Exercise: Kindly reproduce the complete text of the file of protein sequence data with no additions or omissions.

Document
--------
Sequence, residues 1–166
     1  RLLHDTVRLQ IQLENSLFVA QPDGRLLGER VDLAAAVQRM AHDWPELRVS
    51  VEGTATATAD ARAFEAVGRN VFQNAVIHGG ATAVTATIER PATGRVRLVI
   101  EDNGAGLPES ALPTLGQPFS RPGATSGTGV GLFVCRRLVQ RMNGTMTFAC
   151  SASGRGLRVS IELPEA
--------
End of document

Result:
Sequence, residues 1–166
     1  RLLHDTVRLQ IQLENSLFVA QPDGRLLGER VDLAAAVQRM AHDWPELRVS
    51  VEGTATATAD ARAFEAVGRN VFQNAVIHGG ATAVTATIER PATGRVRLVI
   101  EDNGAGLPES ALPTLGQPFS RPGATSGTGV GLFVCRRLVQ RMNGTMTFAC
   151  SASGRGLRVS IELPEA